The nickname “Killed by Google” is deserved, but also exaggerated. Google may have a huge graveyard of services left behind in its 24-year history – my colleagues still mourn Google Reader and Google+ – but it almost always takes the bones of one killed project to start another. Google Wallet became Android Pay, became Google Pay, and became Google Wallet again. The same goes for its messaging apps. Until now, it was the display company for software recycling.
Stadia, despite its resounding failure, is another example: the consumer service will die in early 2023, but the white-label spin-off Immersive Stream for Games will no doubt continue. Google has already sold cloud gaming services to AT&T and Peloton and attempted to sell “Google Stream” to various game publishers like Bungie and Capcom earlier this year. We don’t know if it worked, but chances are Google will make a lot more money from B2B cloud game server rentals than from Stadia Pro subscriptions and 30% cuts in game sales. .
However, just because this news falls directly into Google’s MO doesn’t mean it’s any less dire for its partners or damages its reputation. Yes, Google will reimburse its users, which most failing brands cannot afford to do. But it also hurt indie game developers with its secrecy and “everything is fine” message until the announcement. Below are some examples:
After weeks of paperwork and preparations to bring Donut Dodo, Sir Lovelot, and Sigi to Stadia, we successfully completed the onboarding process with Google yesterday.Two hours later, news broke that Stadia was shutting down. Sad. @4Scarrs_Gaming #Stadia pic.twitter.com/pLc19oAtu4September 30, 2022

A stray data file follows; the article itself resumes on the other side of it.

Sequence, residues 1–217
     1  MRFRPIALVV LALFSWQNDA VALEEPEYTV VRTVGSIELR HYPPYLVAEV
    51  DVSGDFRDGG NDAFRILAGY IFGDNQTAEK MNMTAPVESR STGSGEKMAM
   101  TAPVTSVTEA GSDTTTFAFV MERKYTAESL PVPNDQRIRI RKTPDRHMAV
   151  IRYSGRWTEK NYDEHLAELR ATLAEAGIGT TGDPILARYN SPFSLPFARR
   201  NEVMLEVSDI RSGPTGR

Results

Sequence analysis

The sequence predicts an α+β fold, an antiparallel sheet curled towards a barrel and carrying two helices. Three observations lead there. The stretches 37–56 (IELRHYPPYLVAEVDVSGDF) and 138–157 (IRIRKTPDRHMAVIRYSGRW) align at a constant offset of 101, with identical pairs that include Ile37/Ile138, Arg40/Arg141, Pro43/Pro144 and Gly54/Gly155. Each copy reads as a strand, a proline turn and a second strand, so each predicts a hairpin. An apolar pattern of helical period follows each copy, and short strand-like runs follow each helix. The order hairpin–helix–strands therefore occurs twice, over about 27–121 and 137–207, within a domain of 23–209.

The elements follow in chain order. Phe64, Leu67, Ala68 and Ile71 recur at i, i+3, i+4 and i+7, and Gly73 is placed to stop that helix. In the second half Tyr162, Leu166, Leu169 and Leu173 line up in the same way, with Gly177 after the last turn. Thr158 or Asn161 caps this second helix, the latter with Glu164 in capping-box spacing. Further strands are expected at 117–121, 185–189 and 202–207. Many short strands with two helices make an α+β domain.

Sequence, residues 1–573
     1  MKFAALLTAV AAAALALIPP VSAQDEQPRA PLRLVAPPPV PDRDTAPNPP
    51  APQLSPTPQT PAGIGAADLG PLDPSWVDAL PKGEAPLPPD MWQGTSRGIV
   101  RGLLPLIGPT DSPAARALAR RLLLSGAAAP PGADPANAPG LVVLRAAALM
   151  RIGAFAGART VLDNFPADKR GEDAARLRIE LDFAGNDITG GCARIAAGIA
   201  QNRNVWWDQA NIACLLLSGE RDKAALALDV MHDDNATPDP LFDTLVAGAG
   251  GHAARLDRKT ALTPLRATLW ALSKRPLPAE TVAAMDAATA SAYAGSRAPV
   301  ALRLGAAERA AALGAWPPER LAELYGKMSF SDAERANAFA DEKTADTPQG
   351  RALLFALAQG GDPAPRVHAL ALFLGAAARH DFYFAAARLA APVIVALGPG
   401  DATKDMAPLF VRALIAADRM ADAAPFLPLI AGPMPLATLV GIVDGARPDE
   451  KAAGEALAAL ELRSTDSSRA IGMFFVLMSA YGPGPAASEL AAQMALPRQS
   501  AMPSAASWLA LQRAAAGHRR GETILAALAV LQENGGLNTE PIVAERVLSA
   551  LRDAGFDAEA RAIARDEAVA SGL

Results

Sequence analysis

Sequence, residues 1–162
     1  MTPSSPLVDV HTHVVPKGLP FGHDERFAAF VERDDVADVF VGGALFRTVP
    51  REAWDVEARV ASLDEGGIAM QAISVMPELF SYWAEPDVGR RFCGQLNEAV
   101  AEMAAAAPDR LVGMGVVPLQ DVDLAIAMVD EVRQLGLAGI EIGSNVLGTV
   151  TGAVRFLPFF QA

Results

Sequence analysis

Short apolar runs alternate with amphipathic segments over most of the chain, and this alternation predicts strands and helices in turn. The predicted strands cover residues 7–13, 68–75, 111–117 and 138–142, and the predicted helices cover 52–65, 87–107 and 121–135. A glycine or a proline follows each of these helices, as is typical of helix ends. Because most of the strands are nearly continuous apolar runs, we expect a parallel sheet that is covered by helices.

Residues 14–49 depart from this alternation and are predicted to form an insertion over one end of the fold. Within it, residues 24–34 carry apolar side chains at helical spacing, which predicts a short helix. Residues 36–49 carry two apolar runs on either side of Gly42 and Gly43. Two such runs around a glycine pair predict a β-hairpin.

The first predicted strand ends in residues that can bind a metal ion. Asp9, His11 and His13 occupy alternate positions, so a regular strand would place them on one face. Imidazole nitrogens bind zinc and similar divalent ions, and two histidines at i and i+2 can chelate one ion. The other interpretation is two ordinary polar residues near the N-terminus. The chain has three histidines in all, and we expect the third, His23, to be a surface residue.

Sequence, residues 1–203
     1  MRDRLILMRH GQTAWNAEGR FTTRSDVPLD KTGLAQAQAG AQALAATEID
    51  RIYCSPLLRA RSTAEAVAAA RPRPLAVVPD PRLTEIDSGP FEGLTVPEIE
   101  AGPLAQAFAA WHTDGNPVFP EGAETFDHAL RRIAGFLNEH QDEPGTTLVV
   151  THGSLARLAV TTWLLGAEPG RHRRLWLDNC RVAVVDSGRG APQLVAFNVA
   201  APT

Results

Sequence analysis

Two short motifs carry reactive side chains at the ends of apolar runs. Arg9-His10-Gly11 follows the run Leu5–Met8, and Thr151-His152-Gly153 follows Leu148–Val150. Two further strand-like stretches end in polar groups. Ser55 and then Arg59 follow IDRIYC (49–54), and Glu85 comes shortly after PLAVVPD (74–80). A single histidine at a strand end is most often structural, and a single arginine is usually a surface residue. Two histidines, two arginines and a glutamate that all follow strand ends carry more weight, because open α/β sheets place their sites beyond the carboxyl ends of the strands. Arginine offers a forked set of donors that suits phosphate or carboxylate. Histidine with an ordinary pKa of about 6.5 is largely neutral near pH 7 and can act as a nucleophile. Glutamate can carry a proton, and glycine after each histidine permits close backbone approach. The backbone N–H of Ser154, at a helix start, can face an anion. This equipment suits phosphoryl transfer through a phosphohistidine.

OH BOY VERY HAPPY TO SEE MORE MONTHS OF MY WORK GOING IN THE GARBAGE. I SURE LOVE GAME DEVELOPMENT.https://t.co/DUpBtof8tpSeptember 29, 2022
We have a title coming out on November 1st. Now we hear about it.September 29, 2022
Google had no reason to hide Stadia’s upcoming shutdown. Google will reimburse customers for all their purchases, so keeping it a secret hasn’t made them extra profit. Now IGN is reporting (opens in a new tab) as developers scramble to find ways to transfer Stadia save data and purchases.
What I find interesting – and I’m only speculating here – is that Ubisoft might have received some special attention from Google. It has long been seriously invested in cloud gaming, offering a Ubisoft+ package on Stadia and Amazon Luna. But in mid-September, Ubisoft abruptly canceled a planned Stadia release for Assassin’s Creed Mirage, while confirming that a cloud version would be released for Luna. This decision didn’t make sense at the time, but Google may have given Ubisoft a few weeks notice of Stadia’s closure, due to their close partnership.
So why conceal their plans? Maybe Google wanted to keep the facade long enough to sell Stadia to other companies or collect valuable user data until the very end. Or as Anshel Sag, Principal Analyst at Moor Insights & Strategy has speculated, “it seems like some of these decisions are down to one person making up their minds about a project”, blinding everyone – including own Stadia employees – with quick judgements.
Whatever the circumstances, all of this ensures that console game developers will never trust Google again. Mobile developers will always happily put the best mobile games on the play store. But if they’re invited to join Google’s other upcoming gaming project currently in beta, Google Play Games for PC, it would more than fair question Google’s commitment to the project.